How we address misinformation on Twitter
In the face of misleading information, we aim to create a better informed world so people can engage in healthy public conversation. We work to mitigate detected threats and also empower customers with credible context on important issues.
To help enable free expression and conversations, we only intervene if content breaks our rules, which you can learn about below. Otherwise, we lean on providing you with additional context.
Below are separate policies related to misleading information on the platform. We consider a range of actions against content that falls under any of these categories. Based on new learnings and evolving research, we may update these policies or add additional guidance.
Synthetic and manipulated media policy
What is misleading information?
We define misleading content ('misinformation') as claims that have been confirmed to be false by external, subject-matter experts or include information that is shared in a deceptive or confusing manner. Misleading content that falls under any of the policies above may be subject to one or more of the actions below. This content is identified through a combination of human review and technology, and through partnerships with global third-party experts.
When do we take action and what actions do we take?
We manage the risk of public harm in many ways. The combination of actions we take are meant to be proportionate to the level of potential harm from that situation. People who repeatedly violate our policies may be subject to temporary suspensions.
Depending on potential for offline harm, we limit amplification of misleading content or remove it from Twitter if offline consequences could be immediate and severe.
In other situations, we aim to inform and contextualize by sharing timely information or credible content from third-party sources. This is done by:
- Labeling content - For claims that do not meet our threshold for removal, outlined in the policies above, we may label the Tweet to give readers a notice and/or share additional context with them. Labeled Tweets are subject to reduced visibility. Labels are visible in all Twitter-supported languages.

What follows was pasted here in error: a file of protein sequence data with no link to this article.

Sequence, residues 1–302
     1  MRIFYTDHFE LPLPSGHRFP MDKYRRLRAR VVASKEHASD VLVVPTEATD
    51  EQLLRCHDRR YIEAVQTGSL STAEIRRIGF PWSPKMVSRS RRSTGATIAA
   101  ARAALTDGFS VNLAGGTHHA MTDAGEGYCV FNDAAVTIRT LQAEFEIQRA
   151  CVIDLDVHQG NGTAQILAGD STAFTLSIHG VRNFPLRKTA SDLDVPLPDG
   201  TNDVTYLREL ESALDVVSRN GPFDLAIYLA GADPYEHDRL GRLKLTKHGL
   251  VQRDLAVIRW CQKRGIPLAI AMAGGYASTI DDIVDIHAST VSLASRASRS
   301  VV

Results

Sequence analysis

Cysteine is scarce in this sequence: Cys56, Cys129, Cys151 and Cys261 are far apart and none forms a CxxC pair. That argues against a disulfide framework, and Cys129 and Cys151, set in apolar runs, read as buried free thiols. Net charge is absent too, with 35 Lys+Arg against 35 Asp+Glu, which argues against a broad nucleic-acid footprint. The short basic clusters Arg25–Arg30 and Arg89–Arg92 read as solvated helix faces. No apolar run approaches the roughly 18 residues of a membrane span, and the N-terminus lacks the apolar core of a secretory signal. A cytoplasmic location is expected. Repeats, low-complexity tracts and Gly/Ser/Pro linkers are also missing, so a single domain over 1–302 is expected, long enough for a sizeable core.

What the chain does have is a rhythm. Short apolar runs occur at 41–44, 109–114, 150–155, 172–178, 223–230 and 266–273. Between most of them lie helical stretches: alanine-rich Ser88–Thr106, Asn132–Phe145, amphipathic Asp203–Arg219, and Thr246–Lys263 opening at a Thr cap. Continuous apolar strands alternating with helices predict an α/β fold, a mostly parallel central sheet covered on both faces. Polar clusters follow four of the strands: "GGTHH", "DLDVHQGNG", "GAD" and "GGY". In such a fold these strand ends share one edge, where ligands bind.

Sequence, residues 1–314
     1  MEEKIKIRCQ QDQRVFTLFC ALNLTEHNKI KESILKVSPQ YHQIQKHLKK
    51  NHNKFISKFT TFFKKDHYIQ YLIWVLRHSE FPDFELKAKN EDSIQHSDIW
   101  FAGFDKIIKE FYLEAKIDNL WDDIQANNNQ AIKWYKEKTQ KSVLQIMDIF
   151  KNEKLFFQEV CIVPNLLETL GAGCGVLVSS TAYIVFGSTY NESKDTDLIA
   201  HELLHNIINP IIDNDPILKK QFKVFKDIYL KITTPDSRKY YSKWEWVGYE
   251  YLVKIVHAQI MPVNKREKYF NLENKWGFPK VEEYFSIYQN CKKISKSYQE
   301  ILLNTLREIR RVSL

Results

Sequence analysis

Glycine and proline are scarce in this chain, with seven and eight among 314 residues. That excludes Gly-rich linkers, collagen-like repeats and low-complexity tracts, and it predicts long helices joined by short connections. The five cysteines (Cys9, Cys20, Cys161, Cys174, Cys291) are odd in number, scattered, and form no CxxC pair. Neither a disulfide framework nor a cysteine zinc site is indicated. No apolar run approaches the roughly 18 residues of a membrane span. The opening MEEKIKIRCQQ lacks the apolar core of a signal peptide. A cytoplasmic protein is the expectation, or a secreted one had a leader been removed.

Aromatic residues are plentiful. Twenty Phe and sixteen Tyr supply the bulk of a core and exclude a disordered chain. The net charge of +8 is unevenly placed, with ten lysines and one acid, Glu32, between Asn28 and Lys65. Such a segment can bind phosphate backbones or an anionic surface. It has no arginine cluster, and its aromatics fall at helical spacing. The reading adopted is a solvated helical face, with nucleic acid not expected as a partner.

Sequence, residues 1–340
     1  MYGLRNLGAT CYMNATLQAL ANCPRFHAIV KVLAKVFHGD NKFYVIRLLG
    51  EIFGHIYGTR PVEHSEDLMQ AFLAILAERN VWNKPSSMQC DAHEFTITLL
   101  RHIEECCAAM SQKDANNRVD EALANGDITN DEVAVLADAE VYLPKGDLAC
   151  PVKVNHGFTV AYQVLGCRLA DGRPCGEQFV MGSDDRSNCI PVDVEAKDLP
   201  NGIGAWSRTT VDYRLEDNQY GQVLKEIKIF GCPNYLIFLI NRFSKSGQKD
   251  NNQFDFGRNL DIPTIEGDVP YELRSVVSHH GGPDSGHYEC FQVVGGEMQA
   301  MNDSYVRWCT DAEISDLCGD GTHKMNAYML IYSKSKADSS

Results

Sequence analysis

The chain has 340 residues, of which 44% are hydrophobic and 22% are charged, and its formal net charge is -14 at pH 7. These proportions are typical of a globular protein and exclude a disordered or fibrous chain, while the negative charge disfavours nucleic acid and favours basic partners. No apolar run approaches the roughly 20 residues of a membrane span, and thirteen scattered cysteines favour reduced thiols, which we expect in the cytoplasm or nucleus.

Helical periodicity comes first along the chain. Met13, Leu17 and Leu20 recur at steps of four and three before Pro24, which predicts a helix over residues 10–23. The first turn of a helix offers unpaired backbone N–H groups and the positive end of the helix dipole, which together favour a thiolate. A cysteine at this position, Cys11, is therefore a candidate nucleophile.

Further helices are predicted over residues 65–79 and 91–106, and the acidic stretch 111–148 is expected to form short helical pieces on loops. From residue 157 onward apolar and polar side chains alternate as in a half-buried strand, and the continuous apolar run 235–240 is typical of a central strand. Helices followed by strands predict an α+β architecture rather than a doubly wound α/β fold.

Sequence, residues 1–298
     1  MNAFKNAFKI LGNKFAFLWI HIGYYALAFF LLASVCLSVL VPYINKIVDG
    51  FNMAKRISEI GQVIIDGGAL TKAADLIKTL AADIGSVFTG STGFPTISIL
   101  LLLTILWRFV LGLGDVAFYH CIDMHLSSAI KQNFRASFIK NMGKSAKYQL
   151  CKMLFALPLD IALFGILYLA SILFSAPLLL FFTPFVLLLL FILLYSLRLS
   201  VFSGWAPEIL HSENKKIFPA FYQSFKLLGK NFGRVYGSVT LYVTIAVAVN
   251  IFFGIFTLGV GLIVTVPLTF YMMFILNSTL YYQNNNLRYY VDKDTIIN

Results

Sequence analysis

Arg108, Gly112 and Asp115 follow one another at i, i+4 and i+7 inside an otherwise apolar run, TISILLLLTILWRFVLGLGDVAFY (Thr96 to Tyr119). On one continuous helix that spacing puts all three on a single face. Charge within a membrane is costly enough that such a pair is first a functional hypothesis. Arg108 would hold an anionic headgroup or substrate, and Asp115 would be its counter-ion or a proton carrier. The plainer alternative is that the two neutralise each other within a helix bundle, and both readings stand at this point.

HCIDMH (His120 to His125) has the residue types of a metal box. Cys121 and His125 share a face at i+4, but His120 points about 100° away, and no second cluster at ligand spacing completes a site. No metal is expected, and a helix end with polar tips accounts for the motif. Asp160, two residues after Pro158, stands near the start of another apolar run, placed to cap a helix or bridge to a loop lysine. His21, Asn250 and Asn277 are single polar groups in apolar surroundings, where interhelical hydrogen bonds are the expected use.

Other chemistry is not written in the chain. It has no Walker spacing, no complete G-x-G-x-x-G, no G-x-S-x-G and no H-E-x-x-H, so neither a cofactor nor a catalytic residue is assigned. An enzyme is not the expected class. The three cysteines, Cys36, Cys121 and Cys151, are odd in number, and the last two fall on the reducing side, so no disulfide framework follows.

- Prompting you when you engage with a misleading Tweet - When you try to share a Tweet that was labeled for violating one of our policies, you will see a prompt to help you find additional context and consider whether or not to amplify the Tweet to your followers.
- Creating Twitter Moments - Learn from other people on Twitter and trusted sources about what’s happening in the world and what that might mean for you here. Twitter Moments are available in multiple global regions. Learn more about Moments.
- Launching prebunks - During important events (e.g. elections), we may proactively feature informative messages or updates to counter misleading narratives that emerge. In the past, we’ve launched prebunks about the mail-in voting ballots, election results, and more. You can see prebunks directly on your Twitter timeline.
And lastly, we're testing opportunities for you to share feedback with us and the community. While the actions we ultimately take against a misleading Tweet are driven by our rules, the public conversation is better served with diverse participation.
- Misleading Info Reporting Flow - Some of you can report Tweets for containing misinformation. This is currently available in limited testing to some people in Australia, Brazil, the Philippines, South Korea, Spain, and the US, though we are exploring how to expand. These reports are reviewed and acted on independently from other Tweet reporting flows (e.g. for abuse), as this test flow is used to inform our misinformation-related strategy and operations.
- Community Notes - Community Notes participants can write a note with additional information, to provide public context to the community on a Tweet they feel is misleading. Available in limited testing to some people in the US. Learn more here.